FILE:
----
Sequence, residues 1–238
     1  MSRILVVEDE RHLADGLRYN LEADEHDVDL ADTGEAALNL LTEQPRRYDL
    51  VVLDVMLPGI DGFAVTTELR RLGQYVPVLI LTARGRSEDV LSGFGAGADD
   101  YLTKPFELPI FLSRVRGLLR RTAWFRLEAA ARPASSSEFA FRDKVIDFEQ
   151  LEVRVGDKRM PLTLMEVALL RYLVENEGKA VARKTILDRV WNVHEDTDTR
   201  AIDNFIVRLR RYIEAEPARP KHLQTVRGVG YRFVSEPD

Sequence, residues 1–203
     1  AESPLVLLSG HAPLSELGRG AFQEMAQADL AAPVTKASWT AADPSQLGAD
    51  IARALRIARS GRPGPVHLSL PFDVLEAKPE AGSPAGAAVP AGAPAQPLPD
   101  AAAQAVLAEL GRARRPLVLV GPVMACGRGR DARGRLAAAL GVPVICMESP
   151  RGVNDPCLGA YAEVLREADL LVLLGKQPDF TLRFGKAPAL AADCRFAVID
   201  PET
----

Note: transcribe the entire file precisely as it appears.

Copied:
Sequence, residues 1–238
     1  MSRILVVEDE RHLADGLRYN LEADEHDVDL ADTGEAALNL LTEQPRRYDL
    51  VVLDVMLPGI DGFAVTTELR RLGQYVPVLI LTARGRSEDV LSGFGAGADD
   101  YLTKPFELPI FLSRVRGLLR RTAWFRLEAA ARPASSSEFA FRDKVIDFEQ
   151  LEVRVGDKRM PLTLMEVALL RYLVENEGKA VARKTILDRV WNVHEDTDTR
   201  AIDNFIVRLR RYIEAEPARP KHLQTVRGVG YRFVSEPD

Sequence, residues 1–203
     1  AESPLVLLSG HAPLSELGRG AFQEMAQADL AAPVTKASWT AADPSQLGAD
    51  IARALRIARS GRPGPVHLSL PFDVLEAKPE AGSPAGAAVP AGAPAQPLPD
   101  AAAQAVLAEL GRARRPLVLV GPVMACGRGR DARGRLAAAL GVPVICMESP
   151  RGVNDPCLGA YAEVLREADL LVLLGKQPDF TLRFGKAPAL AADCRFAVID
   201  PET